LifePrint is also a “physical” photo social network as it lets you follow your favorite photographers, celebrities, family, and friends, printing out images they share to you in turn.

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Nymi Bracelet Replaces Passwords With Your Heartbeat


Bionym takes security one step further with Nymi, which combines Bluetooth proximity detection technology and electrocardiograms to create a new authentication process. The device is meant to be worn as a bracelet and measures the wearer’s cardiac rhythm, which is unique to each person. This rhythm is then used as a password of sorts to unlock digital and physical devices, from smartphones and laptops to doors and other objects.

Once Nymi recognizes the wearer’s heartbeat, it communicates wirelessly to unlock nearby devices. It’ll keep going until the wearer removes it or when someone else wears it. At that point, it will detect a different cardiac rhythm and lock that person out.

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Forget How Many Calories You’re Eating; How About How Many Are You Actually Burning?


The fitness tech field is crowded with a bunch of devices like the FitBit or the Nike Fuel Band, which keep track of your daily activities and are able to tell you with great detail just how many calories you’ve burned and how active you are. However, all these devices make some assumptions about one pretty essential piece of information: your resting metabolic rate. Without knowing exactly how many calories your body burns before you even start exercising, you have to use approximations to get to your daily total. The Breezing Portable Metabolism Tracker hopes to change that.

Using indirect calorimetry, the device measures the levels of carbon dioxide and nitrogen in your breath and uses this information to determine your basic, resting metabolic rate (RMR). It then communicates the result to your smartphone, for easy tracking. Not only does it tell you how many calories you burn at rest, it can tell you whether your body is burning fat, carbohydrates or both. This is important information to people who would like to know if the special diets they’re following are working. It’s also useful for those who are practicing exercise routines meant to increase RMR, like HIIT (High Intensity Interval Training).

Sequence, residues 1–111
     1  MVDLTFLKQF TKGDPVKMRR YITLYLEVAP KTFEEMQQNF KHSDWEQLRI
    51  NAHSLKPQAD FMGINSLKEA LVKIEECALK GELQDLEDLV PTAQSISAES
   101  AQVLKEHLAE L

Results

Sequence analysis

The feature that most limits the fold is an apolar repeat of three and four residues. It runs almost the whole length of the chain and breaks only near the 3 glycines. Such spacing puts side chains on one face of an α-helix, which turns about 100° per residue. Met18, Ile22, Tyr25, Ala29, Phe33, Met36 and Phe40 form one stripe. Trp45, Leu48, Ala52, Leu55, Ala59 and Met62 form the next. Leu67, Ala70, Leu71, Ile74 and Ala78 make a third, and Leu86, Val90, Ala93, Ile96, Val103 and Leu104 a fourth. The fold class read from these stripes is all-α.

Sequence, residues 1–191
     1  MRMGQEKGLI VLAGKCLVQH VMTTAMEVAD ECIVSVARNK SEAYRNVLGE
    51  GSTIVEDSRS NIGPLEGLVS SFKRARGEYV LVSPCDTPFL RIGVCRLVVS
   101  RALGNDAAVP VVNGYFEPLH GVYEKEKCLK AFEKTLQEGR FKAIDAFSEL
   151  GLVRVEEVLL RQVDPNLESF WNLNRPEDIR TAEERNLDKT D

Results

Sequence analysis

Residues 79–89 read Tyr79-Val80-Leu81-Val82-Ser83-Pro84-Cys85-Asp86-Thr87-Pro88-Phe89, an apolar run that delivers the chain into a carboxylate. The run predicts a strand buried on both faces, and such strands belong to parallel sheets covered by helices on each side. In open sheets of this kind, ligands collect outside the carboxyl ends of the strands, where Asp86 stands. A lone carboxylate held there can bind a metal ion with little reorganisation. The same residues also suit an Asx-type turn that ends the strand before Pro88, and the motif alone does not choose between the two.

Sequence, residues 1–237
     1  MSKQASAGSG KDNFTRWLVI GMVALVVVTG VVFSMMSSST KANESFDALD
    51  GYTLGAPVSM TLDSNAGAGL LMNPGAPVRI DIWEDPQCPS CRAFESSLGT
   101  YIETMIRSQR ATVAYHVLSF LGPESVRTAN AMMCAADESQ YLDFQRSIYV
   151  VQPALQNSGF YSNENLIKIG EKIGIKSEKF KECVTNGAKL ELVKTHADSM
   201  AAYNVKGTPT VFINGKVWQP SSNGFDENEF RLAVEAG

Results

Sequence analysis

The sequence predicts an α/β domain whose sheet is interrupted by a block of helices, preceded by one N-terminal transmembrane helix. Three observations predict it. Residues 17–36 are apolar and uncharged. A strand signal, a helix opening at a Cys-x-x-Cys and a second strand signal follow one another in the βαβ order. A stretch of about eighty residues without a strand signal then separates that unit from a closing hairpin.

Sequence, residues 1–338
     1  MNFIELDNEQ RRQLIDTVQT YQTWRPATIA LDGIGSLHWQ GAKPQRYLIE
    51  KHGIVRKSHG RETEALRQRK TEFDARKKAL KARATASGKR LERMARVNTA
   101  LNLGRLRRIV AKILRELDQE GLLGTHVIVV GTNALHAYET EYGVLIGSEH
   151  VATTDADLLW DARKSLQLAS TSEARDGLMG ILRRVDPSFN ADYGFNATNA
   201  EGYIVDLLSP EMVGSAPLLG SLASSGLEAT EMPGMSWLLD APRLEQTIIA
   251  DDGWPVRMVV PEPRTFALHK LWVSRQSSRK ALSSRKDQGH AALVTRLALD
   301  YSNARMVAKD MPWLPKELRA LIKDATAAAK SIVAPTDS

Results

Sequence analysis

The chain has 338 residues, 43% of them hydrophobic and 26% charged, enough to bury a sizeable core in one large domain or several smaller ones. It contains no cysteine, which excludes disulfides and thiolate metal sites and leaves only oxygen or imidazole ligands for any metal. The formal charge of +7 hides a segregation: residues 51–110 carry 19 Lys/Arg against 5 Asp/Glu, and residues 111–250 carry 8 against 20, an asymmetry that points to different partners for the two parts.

Used in combination with devices like the Fitbit, it’s becoming possible to get a comprehensive picture of your body’s energy flow. For data nerds, this is heaven. The Breezing device is currently undergoing funding at IndieGogo, and a $250 will get you one.

[ Project Page ]

The Soloshot Keeps You In The Frame, No Matter Where You Are


Some of you may harbor the desire to create videos of yourselves in the process of committing shenanigans of various sorts, and this always implies a certain amount of logistics. For one, whether these are acts of skillful sporting display, or simply running around while flailing your arms, you’ll usually need a second person to pan the camera to keep you in the shot. The Soloshot removes the need for that friend. It’s a robotic camera base on which you can mount any recording device with a tripod mount, and which then follows your movements thanks to a wireless transmitter armband. “It can rotate at speeds of up to 40º per second all the way around, and can track subjects up to 2000 feet away moving at speeds up to 140 mph.”

Replacing your friends with a robotic device doesn’t come cheap. The Soloshot is $480, but has the extra advantage of not judging you every single time you fail that jump.

Keep reading for a video of it in action, as well as links.

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ShockBox Is A G-Meter For Potential Head Injuries

Playing contact sports is all fun and games (literally) until someone gets a concussion, or worse. It’s not always easy to tell between the player that’s laying on the ground because he got the wind knocked out of him, or the one that needs medical attention because his brain got a shakeup. The ShockBox is a special sensor that is meant to be placed either on or inside a helmet, and it contains two things: an accelerometer and a Bluetooth radio. Should any one player experience a severe hit, a signal is immediately sent to a paired smartphone (say, the coach’s) with impact data and analysis. It uses long range Bluetooth, so the device has a range of up to 100m, and one smartphone can pair with up to 128 sensors at once. This means you could conceivably monitor an entire team, and provide medical assistance when needed. ShockBox installs with 3M double sided tape, which is provided with your $149 unit. Yeah, that’s a lot of money to fork over when you’re decking out an entire high school football team, but if you’ve got the budget, you don’t want to be skimping on safety.

[ Product Page ] VIA [ Gizmag ]